Looking out for ourselves is often easier said than done. I know I’ve sometimes found it difficult to speak up, not overcommit or make sure my boundaries are respected.
Others won’t always speak up for us, so it’s really important that we’re able to do this ourselves. It might not always feel easy or natural, but it can make such a big difference to our wellbeing.
If you struggle with this or just need some reminders, these tips are for you:
1. It’s OK to say ‘no’
I think lots of us struggle to say ‘no’ sometimes. Whether it’s to reject a meet-up invitation or a request for help, it can be hard to feel like you’re disappointing others.
I do think it’s important to be selfless and caring and reliable… but not to the detriment of our own wellbeing. Sometimes we simply don’t have the time or energy to commit to others and that’s OK. We need to be able to recognise these moments and be honest with those around us. ‘No’ isn’t synonymous with selfishness. It’s often the most sensible and honest response. And it can still be communicated in a kind and loving way.
Even if we don’t have a ‘convincing’ explanation or we struggle to articulate why exactly we don’t want to do something, our ‘no’ is still valid and it’s enough.
2. Ask for help when needed
It’s so important that we speak up if we’re struggling in any way with anything. Our feelings are never invalid or too small and we shouldn’t ever feel guilty or like a nuisance when asking for help.
And sure, some people will be unhelpful and unsupportive when we reach out but we shouldn’t let the fear of being turned away stop us. As the saying goes, ‘If you do not ask, the answer is always no.’
Even if we’re unaware that a solution exists, it’s still worth asking. We might be able to start conversations and highlight the need for a solution to exist.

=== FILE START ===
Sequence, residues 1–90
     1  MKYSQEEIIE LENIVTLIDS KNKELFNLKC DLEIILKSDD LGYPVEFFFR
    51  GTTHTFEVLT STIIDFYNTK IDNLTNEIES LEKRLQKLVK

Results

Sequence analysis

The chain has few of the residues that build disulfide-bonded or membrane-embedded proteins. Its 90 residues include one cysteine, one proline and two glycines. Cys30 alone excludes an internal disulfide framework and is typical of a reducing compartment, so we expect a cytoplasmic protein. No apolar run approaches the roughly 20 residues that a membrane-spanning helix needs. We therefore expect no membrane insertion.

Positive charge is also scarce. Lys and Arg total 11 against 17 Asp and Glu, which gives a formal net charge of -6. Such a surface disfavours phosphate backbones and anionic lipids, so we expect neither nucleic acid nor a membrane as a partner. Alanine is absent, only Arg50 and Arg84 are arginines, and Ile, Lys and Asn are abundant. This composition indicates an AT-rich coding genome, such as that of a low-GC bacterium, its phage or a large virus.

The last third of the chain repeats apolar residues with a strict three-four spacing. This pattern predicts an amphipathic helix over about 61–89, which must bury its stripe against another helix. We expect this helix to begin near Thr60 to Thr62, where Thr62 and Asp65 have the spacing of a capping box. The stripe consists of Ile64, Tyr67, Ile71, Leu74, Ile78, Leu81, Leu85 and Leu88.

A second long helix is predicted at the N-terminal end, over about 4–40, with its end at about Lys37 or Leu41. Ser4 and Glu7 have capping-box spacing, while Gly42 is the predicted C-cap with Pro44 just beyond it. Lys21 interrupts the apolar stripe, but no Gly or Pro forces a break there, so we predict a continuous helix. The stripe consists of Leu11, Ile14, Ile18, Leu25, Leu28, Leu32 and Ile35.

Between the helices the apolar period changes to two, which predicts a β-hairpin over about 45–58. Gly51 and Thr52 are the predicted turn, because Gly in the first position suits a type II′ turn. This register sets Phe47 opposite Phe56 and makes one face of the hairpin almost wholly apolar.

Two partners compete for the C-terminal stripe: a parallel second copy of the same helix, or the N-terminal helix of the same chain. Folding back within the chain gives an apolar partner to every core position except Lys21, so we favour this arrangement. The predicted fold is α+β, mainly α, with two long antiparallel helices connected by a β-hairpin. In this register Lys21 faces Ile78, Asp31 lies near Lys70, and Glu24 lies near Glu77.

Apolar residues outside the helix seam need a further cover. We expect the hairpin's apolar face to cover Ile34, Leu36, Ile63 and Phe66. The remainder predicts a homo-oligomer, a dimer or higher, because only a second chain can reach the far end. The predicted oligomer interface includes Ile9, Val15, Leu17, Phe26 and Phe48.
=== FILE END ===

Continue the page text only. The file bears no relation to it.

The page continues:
3. Accept help when it’s offered
Leading on from point number 2, if people offer to help because they recognise we’re in need, let’s gratefully accept it! We shouldn’t feel that declining help is the polite thing to do. It’s more unwise than anything else.
Chances are, if someone has expressed willingness to help, they will be happy to follow through.
4. Choose your friends carefully
Unsurprisingly, not everyone has our best interests at heart- even if they claim to be a friend. If someone only looks for ways they can gain from you and the relationship feels very ‘one-sided’, they might not be a genuine friend. You shouldn’t be the only one pouring into a relationship and you shouldn’t have to chase anyone either. If this has been the case, don’t be afraid to take a step back.
5. Be proactive
If we’re not OK with something, we should be prepared to act. Whether that involves finding the right people to speak to or researching online, we ought to be proactive in our approach. Let’s send those emails, make those phone calls, arrange those meetings or conversations and chase people up if needed. No one else is going to do it for us and sitting around being unhappy isn’t going to change anything.
When it comes to some things, especially our physical health, mental well-being and education, we shouldn’t sit back and wait around if we don’t have to.
It can be long and frustrating and sometimes it will be a case of picking our battles, but let’s know that we have the right to take action.
6. Remember that you can’t fix everything
We all have our limits and nobody can be expected to save anyone or fix all of their problems. It might seem obvious, but I know I sometimes still need a reminder. Of course we should help and support people, but I think we can untie ourselves from the responsibility of someone’s entire life. We can’t solve all of anyone’s problems and even if we could, that really isn’t our job.
I feel really strongly about this topic and there’s so much more that I could say. It’s something that I, along with my sisters and many of my friends, am still learning to navigate. I hope that wherever you are on your journey, you can grow in this too.